Oklahoma — It’s about love.

photo by Jenny Graham/Oregon Shakespeare Festival

Lights dim.

Overture begins.

My vision blurs.

I know what’s coming. I take a deep breath ready to burst into song.

“There’s a bright golden haze on the meadow.”

With those opening lines, I hear my father’s tenor voice on a Sunday drive, past the city limits and suburban neighborhoods, to the farmland on the outskirts of town.

We’d buy fruit and corn from a stand on the road.

“The corn is as high as an elephant’s eye.”

He sang like it was a love song.

I suppose to him it was.

His expression of love of all things American, of his adopted country, his new world, his land of possibilities and promise.

He took my mother to see the original Broadway production of Oklahoma on their honeymoon in 1944. She would have preferred opera, Turandot or Manon, with their sad, lilting love songs.

My father loved opera, too, but that was their past.

They were starting a new life together, in their new homeland. What could be more appropriate than this quintessential American musical, a story about pioneers on the frontier, dreaming about statehood, with the titular song, “Oklahoma,” as the wedding song?

My father escaped Nazi Germany in 1936. My mother escaped two years later. They met in the U.S. They spoke German to each other, but not in public. German was the language of the enemy.

My father learned English, in part, through song, his accent barely detectable when he sang. He would break into song as the mood or situation inspired him. I suspect “Oh, what a beautiful morning” reflected and lifted his spirits. He sang it often enough for me to learn it by heart.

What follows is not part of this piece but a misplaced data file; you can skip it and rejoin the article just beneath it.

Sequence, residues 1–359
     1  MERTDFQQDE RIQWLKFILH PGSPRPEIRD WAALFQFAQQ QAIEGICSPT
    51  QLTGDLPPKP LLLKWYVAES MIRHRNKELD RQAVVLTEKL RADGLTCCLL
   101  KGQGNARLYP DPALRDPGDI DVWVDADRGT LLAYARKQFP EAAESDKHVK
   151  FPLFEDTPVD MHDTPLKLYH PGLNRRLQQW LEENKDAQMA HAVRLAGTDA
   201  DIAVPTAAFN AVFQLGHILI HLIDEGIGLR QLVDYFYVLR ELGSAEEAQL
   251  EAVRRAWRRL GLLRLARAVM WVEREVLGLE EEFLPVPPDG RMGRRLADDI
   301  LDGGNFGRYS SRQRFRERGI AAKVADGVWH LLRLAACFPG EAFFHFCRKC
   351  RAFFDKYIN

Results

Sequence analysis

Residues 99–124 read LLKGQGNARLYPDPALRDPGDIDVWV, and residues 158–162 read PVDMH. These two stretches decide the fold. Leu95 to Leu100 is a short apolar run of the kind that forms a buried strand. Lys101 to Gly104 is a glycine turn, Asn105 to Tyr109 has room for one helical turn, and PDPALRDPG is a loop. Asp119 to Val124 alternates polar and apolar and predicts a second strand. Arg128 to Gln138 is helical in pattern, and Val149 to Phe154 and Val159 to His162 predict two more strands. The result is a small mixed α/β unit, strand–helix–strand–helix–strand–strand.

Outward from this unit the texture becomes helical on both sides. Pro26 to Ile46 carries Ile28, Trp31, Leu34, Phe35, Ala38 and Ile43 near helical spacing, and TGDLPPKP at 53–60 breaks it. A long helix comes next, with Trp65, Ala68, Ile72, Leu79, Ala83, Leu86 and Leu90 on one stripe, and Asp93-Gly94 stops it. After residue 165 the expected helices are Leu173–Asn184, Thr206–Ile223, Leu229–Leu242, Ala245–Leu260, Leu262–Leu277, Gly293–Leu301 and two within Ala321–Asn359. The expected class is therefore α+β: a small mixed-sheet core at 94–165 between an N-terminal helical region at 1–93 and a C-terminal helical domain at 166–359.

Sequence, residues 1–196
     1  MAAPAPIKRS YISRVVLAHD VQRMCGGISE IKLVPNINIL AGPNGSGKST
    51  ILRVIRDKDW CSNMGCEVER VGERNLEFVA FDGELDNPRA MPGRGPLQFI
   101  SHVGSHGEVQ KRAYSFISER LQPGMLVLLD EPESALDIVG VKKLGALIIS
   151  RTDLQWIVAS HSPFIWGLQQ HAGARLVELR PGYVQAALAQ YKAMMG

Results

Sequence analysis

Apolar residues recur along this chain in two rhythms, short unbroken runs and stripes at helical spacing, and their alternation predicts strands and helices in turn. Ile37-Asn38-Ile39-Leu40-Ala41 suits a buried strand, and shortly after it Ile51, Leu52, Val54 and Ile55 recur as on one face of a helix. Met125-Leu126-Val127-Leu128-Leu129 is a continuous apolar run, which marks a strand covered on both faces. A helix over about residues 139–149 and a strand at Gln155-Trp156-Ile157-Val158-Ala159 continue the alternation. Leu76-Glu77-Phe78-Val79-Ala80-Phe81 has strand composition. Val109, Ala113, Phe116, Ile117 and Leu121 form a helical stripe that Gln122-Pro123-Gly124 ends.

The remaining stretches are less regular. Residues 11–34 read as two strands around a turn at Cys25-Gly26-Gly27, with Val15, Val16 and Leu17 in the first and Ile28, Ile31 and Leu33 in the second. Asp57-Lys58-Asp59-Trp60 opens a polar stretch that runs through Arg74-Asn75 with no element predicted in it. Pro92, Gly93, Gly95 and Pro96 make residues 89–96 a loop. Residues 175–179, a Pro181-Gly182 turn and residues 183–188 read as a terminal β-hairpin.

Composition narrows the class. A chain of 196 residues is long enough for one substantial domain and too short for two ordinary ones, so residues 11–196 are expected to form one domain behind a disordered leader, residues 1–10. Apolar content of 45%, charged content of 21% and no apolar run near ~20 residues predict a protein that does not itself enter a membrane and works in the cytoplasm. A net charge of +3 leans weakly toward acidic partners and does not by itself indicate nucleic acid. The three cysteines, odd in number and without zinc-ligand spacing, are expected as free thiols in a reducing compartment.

I saw Oklahoma last weekend in Ashland at the Oregon Shakespeare Festival (OSF). I sang to myself throughout the show. I know all the words from my father. Judging from the clapping, foot stomping, and head bobbing in the audience, other people were singing along, too. I half expected the audience to join in the chorus on a few songs.

The OSF production was an innovative and joyful LGBTQ interpretation of the musical. The leads are same-sex, mixed-race couples, and Aunt Eller is a transgender woman. A different cast than my parents saw in ’44, but the jubilation and romance are all there. The show looks to the future with optimism. You can feel it in every song. I can imagine my newly-married parents felt that, too. When they heard “plenty of heart and plenty of hope” they must have escaped, at least for a few moments, from the world at war to a place where “all the sounds of the earth are like music.”

The OSF show runs through October 27. If you can’t make it to Ashland, you can read about the origins of Oklahoma, the OSF production, and the diversity of the Oklahoma Territory in 1906 here and here. More about the 21st-century update of Oklahoma in the New York Times here.

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